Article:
Kaplan-Meier curves can be seen as descriptive statistics for survival data. We now focus on the second branch of statistics, hypothesis testing which allows to draw conclusions on the population based on a sample (see a quick reminder about the difference between population and sample if you need).

# Hypothesis testing

Hypothesis testing in the field of survival analysis mostly concerns:

- The hazard function of
**one population**: in this case we test whether a censored sample comes from a population with a known hazard function \(h_0(t)\). For example, we may be interested to compare survival in a sample of patients to the survival in the overall population (derived from the life tables). - The comparison of the hazard function of
**two or more populations**: in this case we are interested in assessing whether there are differences in survival among different groups of subjects. For example:- 2 groups: we are interested in comparing survival for female and male colon cancer patients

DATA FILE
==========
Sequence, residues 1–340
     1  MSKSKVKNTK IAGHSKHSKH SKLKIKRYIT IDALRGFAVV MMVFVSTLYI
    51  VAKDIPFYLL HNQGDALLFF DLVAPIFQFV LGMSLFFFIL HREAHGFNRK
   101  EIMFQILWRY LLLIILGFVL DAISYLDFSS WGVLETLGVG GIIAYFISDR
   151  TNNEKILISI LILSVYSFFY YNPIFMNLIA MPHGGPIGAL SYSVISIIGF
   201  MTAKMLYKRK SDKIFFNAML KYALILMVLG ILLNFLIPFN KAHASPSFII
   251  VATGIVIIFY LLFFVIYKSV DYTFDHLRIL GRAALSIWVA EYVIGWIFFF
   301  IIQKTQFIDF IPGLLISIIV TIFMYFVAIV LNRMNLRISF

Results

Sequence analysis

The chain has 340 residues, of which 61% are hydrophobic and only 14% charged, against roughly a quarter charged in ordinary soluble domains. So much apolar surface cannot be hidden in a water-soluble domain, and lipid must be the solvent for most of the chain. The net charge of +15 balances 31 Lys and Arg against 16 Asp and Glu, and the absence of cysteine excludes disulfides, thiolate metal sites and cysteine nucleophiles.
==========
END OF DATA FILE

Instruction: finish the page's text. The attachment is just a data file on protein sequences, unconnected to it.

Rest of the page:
- 3 groups or more: we are interested in comparing survival for melanoma cancer patients according to their treatments (with treatments A, B and C for example)
^{8}

## Log-rank test

In this article, we focus on comparing survival between two groups using the **log-rank test** (also known as Mantel-Cox test). This test is the most common hypothesis test to compare survival between two groups.

The intuition behind the test is that if the two groups have different hazard rates, the two survival curves (so their slopes) will differ. More precisely, the log-rank test compares the observed number of events in each group to what would be expected if the survival curves were identical (i.e., if the null hypothesis were true).

Note that, as for the Kaplan-Meier estimator, the log-rank test is a nonparametric test, which makes no assumptions about the survival distributions.